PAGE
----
Obasanjo’s Metamorphosis by Abdulrahman Abdulraheem

Obasanjo’s Metamorphosis by Abdulrahman Abdulraheem
February 08 17:28 2018 Print This Article

“Olusegun Obasanjo is a crafty, wily man who designs both good and bad schemes with equal celebrity”

Late General James Oluleye

 Basking in the euphoria of his newly acquired Doctorate of Philosophy (PhD), former president Olusegun Obasanjo has done it again. He has come a long way in this and he is easily predicable; after either imposing or joining forces to support a leader to emerge, he waits a couple of years before throwing a sitting president under the bus with razor-sharp criticism and below-the-belt punches. While some observers see his latest intervention as the beginning of the end of the Muhammadu Buhari era, others believe the famed “Ebora Owu” has not got the moral authority to so intervene and that he is not too big to be demystified.

Hate him or love him, he is one of those former Heads of State who are well celebrated across Africa and beyond. Many believe he has in about 50 years of public life paid his dues. It is difficult if not impossible to pen the story of post-independent Nigeria without a generous mention of his name.

Olusegun Okikiolakan Mathew Aremu Obasanjo is the enigma who means different things to different people depending on who is the latest to earn his praise or rebuke; yet no one can really tell what kind of man he is and what sort of things go on in his mind. Today he is seen carrying someone on his back, saying that person is the best thing to happen to mankind since toothpaste was invented. The next day he is seen raising that same person up and hitting him or her on the floor in order to break his or her spinal cord and urging all well-meaning people to avoid him or her like a plague. How he manages to get people to back his political schemes without a proper questioning of his motives and his own antecedents is a great puzzle.

He is like the old wine that gets better with age. His energy is incredible. His enthusiasm is as fresh as that of teenager. His longevity is amazing. His staying power is out-of-this-world. Those who have worked with him have also spoken well of his huge intellectual stamina, attention to details, thoroughness and clear headedness. That must of course be the reason he has been able to pursue a PhD programme to a logical conclusion even in his 80s.

Like the ever constant northern star, he has managed to be around for so long. He manages to show up at critical stages of the country’s history when it looks as if the ship of state is about to capsize. And when you rule him out and think he is done with life or public space, he stages a sensational comeback. From the second republic to this moment, he has made himself so relevant that anytime something goes wrong, he intervenes and like the Lion in the jungle whose roar gets all the lesser animals panting, when he speaks or put pen to paper, the whole nation catches cold and the international community takes note.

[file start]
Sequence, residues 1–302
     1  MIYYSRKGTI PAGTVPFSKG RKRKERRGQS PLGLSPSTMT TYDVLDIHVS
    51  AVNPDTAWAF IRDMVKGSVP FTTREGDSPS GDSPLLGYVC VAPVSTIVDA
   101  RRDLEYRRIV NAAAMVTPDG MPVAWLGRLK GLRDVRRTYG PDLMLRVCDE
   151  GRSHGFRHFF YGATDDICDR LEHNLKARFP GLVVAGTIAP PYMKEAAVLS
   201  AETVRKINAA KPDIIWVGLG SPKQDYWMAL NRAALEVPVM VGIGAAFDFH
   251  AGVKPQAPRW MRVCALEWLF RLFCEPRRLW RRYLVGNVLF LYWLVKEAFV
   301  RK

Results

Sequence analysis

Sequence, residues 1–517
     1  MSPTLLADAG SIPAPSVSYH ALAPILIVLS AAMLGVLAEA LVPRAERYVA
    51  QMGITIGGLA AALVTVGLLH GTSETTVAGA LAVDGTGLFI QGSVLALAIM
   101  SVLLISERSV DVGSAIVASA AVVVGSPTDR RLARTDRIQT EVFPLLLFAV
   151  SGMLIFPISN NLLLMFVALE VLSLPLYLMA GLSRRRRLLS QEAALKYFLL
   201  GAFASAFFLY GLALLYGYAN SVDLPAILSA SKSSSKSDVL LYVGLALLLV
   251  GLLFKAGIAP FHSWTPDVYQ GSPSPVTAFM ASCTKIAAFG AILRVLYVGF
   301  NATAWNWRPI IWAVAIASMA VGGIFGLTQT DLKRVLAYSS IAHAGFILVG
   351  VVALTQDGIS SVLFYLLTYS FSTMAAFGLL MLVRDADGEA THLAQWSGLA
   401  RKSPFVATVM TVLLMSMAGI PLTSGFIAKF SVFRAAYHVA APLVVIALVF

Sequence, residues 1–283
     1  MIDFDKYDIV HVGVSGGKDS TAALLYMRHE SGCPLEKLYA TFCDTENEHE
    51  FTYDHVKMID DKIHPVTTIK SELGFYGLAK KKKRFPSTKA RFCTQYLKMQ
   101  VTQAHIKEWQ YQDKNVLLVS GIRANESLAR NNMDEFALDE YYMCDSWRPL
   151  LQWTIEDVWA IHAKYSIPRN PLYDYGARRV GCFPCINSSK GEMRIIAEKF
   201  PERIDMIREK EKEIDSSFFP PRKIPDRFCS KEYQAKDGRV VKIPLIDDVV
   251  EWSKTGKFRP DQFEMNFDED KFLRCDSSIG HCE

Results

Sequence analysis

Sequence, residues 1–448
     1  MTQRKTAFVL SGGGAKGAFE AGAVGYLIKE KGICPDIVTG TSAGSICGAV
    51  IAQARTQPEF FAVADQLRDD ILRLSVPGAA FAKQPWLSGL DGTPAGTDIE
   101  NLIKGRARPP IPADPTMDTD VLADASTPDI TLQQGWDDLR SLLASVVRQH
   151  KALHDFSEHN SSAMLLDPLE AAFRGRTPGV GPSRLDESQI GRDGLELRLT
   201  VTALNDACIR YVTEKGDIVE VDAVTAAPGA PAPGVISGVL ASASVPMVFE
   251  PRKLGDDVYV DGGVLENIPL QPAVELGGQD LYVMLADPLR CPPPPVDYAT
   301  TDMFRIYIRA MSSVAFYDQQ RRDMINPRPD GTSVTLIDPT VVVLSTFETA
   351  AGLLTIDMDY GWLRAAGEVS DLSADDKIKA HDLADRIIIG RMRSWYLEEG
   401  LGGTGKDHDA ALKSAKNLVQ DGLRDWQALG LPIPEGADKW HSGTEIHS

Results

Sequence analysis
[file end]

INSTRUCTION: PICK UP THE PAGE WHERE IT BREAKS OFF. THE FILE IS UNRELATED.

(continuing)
President Muhammadu Buhari has succeeded in dividing Nigeria into two – those who believe his administration is a failure and want him to retire in 2019 and those on the other hand who believe he has done well and should be rewarded with a second term in office. Prior to Obasanjo’s intervention, in criticizing the government, those in the former category had relied on criticism of the present administration by people who were on his campaign trail in 2015 but who seemed to have since disembarked from his bus; people like the President’s wife, Aisha Buhari; famous scholar, Farooq Kperogi; fiery Catholic Priest, Father Ejike Mbaka, the Serving Overseer of Latter Rain Assembly, Pastor Tunde Bakare, the Publisher of Ovation Magazine, Dele Momodu etc. Die-hard Buhari supporters had however dismissed these people as disgruntled, overzealous elements who had reasons other than altruistic for criticizing the President. The ‘wailers’ as they are fondly called on social media therefore needed a stronger political voice to reinforce their stand that the government has failed. Then came Obasanjo. Since that famous special statement was made public on January 24, President’s Buhari’s critics have been having a party. They feel vindicated. Their arsenal has been boosted by the launch of Obasanjo’s grenade.

In disagreeing with Obasanjo however, some political observers think he is too full of himself. They say the man looks himself in the mirror and thinks he is the best thing that ever happened to Nigeria and pretends as the moral conscience of the nation, using his own personal standards to judge other leaders. His critics say if at all he is close to being the best Nigerian leader ever, it must be due to our extremely low standards as Obasanjo wasn’t a fantastic leader himself. He is also a divisive figure. His supporters say people should ignore his past misdeeds and just take the message while others say a messenger who once sought to change the country’s constitution to pursue an immoral third term ambition lacks the moral authority to tell an incumbent leader not to pursue a constitutionally-guaranteed second term. This is not the first time the “Ebora Owu” is launching strong criticisms against sitting presidents, some of whom he helped to power.